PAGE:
how are you plugged? a survey on digital tools

I’m doing some research on the use of electronic/digital tools for teachers, and I’m particularly interested in anecdotal experiences. If you’d like to help me out, please take a minute to answer one/some/all of the questions below, either in the comments section (preferred!) or in an email to

a) What electronic / digital / unorthodox tools are you or educators you know using already? (electronic classroom programs, online or desktop simulations, language lab software, wikis, etc …) What companies produce these tools (if you know)?
b) What kinds of digital tools are/would be useful to you in teaching your subject matter (including things that don’t exist yet)?
c) What other digital tools do you know of that are on the horizon (ie: upstart ideas, notable failures that had promise)
d) Other thoughts (including thoughts on the usefulness, generally, of electronics in the classroom…)

Thanks! I look forward to hearing about your experiences.


5 thoughts on “how are you plugged? a survey on digital tools

  1. For me, the best part about on-line learning is what you can do with discussion forums. When I put my class (which I had been teaching for 7 years) on-line, I suddenly, through the student discussion forums, gained new insights into the material. In class, when you have, say, a ten-minute class discussion, the extroverts tend to participate, and there isn’t much pressure on students to present well thought through ideas. On-line, every student might give the topic ten minutes of thought and, because they need to do the work of committing their thoughts to writing, they provide more meaningful comments. I find that breaking the students up into small groups for discussions (the technology will let you do that) works way better than having 35 people all join in a conversation.

    Some random thoughts:

    -I think podcasts are overrated, since they seem to promote straight lecturing. I have produced short (about 7 minute) presentations using software called Articulate, and they’ve received good feedback.

    -I haven’t been able to successfully implement wikis, probably because I haven’t been committed enough. Anything that requires learners to learn the technology before they can engage in the learning is going to be more difficult to implement.

    -A colleague was telling me that he uses audio to give feedback instead of writing on student papers. So students click on his comment and hear him saying “Great idea!” He finds this saves time, since he can communicate with tone of voice. He is struggling though with how to keep the files at a reasonable size.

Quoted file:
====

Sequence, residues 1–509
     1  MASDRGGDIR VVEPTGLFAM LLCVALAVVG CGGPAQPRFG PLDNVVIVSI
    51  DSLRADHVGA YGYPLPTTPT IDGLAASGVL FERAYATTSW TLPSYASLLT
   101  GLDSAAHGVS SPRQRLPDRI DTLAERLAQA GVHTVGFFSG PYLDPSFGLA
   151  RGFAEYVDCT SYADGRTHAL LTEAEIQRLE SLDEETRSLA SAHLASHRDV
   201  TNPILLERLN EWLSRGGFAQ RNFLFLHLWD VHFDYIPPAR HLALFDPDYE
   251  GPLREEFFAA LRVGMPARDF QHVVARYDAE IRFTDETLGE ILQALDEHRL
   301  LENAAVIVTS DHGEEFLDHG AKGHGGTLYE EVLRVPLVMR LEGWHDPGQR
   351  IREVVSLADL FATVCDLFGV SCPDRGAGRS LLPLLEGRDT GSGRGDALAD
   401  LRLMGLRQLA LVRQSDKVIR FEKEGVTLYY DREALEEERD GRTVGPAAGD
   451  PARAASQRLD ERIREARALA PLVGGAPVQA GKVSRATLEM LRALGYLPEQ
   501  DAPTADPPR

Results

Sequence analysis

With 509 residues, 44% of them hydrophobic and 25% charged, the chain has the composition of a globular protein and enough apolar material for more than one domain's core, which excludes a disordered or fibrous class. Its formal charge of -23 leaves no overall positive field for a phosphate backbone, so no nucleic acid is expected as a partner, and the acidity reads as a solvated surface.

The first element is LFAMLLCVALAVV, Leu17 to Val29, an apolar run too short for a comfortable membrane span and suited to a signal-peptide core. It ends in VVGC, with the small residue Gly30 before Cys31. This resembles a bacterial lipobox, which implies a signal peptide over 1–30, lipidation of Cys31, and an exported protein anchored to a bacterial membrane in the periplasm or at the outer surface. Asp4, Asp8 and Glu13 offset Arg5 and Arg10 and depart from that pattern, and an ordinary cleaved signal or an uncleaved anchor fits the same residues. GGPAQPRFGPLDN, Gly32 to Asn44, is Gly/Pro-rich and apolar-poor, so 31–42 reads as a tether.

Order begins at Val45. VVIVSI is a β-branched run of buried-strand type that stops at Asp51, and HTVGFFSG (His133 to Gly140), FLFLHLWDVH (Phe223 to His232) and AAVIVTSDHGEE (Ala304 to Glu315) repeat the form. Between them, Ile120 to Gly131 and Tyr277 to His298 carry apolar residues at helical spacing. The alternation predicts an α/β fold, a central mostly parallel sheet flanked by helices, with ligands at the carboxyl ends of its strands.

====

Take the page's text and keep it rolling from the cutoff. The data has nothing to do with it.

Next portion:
-I’ve played with but haven’t successfully implemented bubble/mind mapping software so that teams can brainstorm together online. Research shows that online collaborators tend to skip too quickly past the brainstorm stage. Given where the work world is going, it’s useful to help students develop on-line collaboration skills and I’d liek to play more with this tool.

    – A colleague invited me to a class meeting that he held through “Paltalk,” which had all the students in the room on-line. You could see when someone raised their hand and asked a question adn the teacher answered. This could be a good way to hold on-line office hours before a big assignment or exam.

    What are you thinking of doing? There’s so much potential, especially with the interactive media.


  2. This is very helpful, Amy, and so detailed – thanks so much.

    I’m partially doing this research on a friend’s behalf; she is brainstorming ideas for software for educators and wants to know what the needs and concerns are, but isn’t an educator herself. So it’s sort of market research, but to an excellent end: the possibility of better educational materials.

    Beyond that, I’m interested in what others are doing in this arena because my classroom is a very low-tech zone, and I often wonder if I could make productive use of more technical stuff, if only I knew what was out there.

    Thanks so much for taking the time to share this with me.


  3. We have little in the way of technology. We are still using blackboards and chalk, and that’s all. I’ve been trying to get an overhead projector for fifteen years, to no avail, as I’m told lightbulbs in them burn out too often. Our school does now have a computer lab with enough computers for two students to share a computer at once (only enough for half a class). The computer lab is at the other end of the school. They finally have four computers available for the staff which the children are not supposed to use. Previously, we had to share the 12 lab computers with 300+ children in our school, including for typing report cards, and assignments. We have no computers in our rooms, nor is our new school building wired for connections to rooms.

    What I would like is one computer in each classroom available for the TEACHER’s use, and a wifi system, since our building isn’t wired for hardware.

    I’m back to handwriting lessons and photocopying them (very time consuming) or just giving up and only using text books and workbooks.

    Dedicated Elementary Teacher Overseas (in a new American School in the Middle East)


  4. It sounds like a difficult way to work in this wired-up world, although I remember the ditto machines and handwritten posters from my early days of teaching…sometimes I’m nostalgic for those days, although of course if I were thrust back into them, I’d find it frustrating.

    Check out my next post for info on the blogging I’m doing these days – but I promise to be back on the WordPress horse in January.

    Thanks for coming by!


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